In 2005, Dr. Rodney and Margo Fitzgerald established the award in honor of his mother Lillie Fitzgerald, a former English teacher for Bradley County Schools.
The first winner of the award was Ocoee Middle School teacher Dr. Jason Robinson.
“I had been hired by Ocoee Middle School to come in and develop a space science program. So, at the time I was teaching space science to sixth-, seventh- and eighth-graders,” Robinson said.
Robinson completed his doctorate degree after receiving the Fitzgerald award.
“Mrs. Fitzgerald was such an awesome teacher. Her legacy is just one that’s very powerful. One that has had an effect on the community,” Robinson said.
“(If) we who are teachers just strive to do what she did, we’ll be able to have the same legacy, to make a positive effect on our community.”
Last year, he began teaching the Academically Talented program at Ocoee Middle.
His work teaching space science has reached beyond the school into the community and other countries.
“The doors that have opened have now become more ministry type doors where I am going overseas and doing kids’ camps ... and presenting the gospel through science, which is a really cool thing,” Robinson said.
He also conducts science camps every summer at Lee University, where he teaches part-time, as part of the Solar System Ambassador program.
Robinson said he is not sure what the future holds.
“I’m a dreamer. There are a lot of things I would like to do,” he said.
In 2006, Valley View Elementary School teacher Barbara Brantley received the award.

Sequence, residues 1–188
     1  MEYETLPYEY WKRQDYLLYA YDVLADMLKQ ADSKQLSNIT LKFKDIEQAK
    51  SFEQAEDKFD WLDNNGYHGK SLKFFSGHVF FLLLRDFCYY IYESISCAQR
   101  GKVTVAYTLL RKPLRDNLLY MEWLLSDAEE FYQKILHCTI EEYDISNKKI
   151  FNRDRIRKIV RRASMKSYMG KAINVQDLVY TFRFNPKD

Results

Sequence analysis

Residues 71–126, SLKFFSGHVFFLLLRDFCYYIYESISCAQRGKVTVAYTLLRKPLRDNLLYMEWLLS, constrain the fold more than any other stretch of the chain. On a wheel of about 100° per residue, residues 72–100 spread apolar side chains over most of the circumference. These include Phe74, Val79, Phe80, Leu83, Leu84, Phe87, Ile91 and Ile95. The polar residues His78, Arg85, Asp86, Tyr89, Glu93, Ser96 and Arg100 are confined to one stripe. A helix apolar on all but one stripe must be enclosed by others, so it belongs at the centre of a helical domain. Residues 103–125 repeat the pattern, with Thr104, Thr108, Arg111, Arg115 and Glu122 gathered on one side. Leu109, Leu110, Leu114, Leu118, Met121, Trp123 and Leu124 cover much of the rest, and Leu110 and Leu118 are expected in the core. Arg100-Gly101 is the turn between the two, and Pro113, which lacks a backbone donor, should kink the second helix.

Brantley has taught at Valley View almost her entire career. One year at Trewhitt Middle School (now Lake Forest) is the exception.
Receiving the award came as a complete surprise to this veteran teacher.
“I was just in shock because Mrs. Fitzgerald was an icon in Bradley County,” Brantley said. “I was so surprised and so honored that my name would be associated with her.”
Since the award, Brantley has enjoyed relocating to a brand new classroom in Valley View’s addition, and introducing new technology to her students.
She hopes this use of technology will continue and that eventually her students will have iPads in their classrooms.
She said the greatest thing for her is seeing students’ excitement when they learn something new. She has also been named the Valley View Teacher of the year a few times. Brantley plans to retire at the end of the school year.
For Sylvia Coates and Victoria Pritchard, the Lillie Frank Fitzgerald Excellence in Teaching award has special meaning because they were Fitzgerald’s students at Bradley Central High School.
“She was such a great role model when I was a student at Bradley,” Coates said.
Later, when Coates became an educator, she worked with Fitzgerald judging local creative writing and speech contests. Coates took a break from teaching to pursue a small business venture, but her friendship with Fitzgerald grew.
“We got to be dear, dear friends,” Coates said. “So, then I went from being her student to a colleague to a friend. I felt especially honored to win an award with her name on it.”
Coates was teaching at the Teen Learning Center when she received the award in 2008.
“Something about winning that award inspires me to dig a little deeper and try a little harder to be the teacher she would be proud of,” Coates said.
Coates still teaches at the Teen Learning Center. The award has become a source of strength on those tough days. She said it was great to read the letters that former students had written supporting her for the award.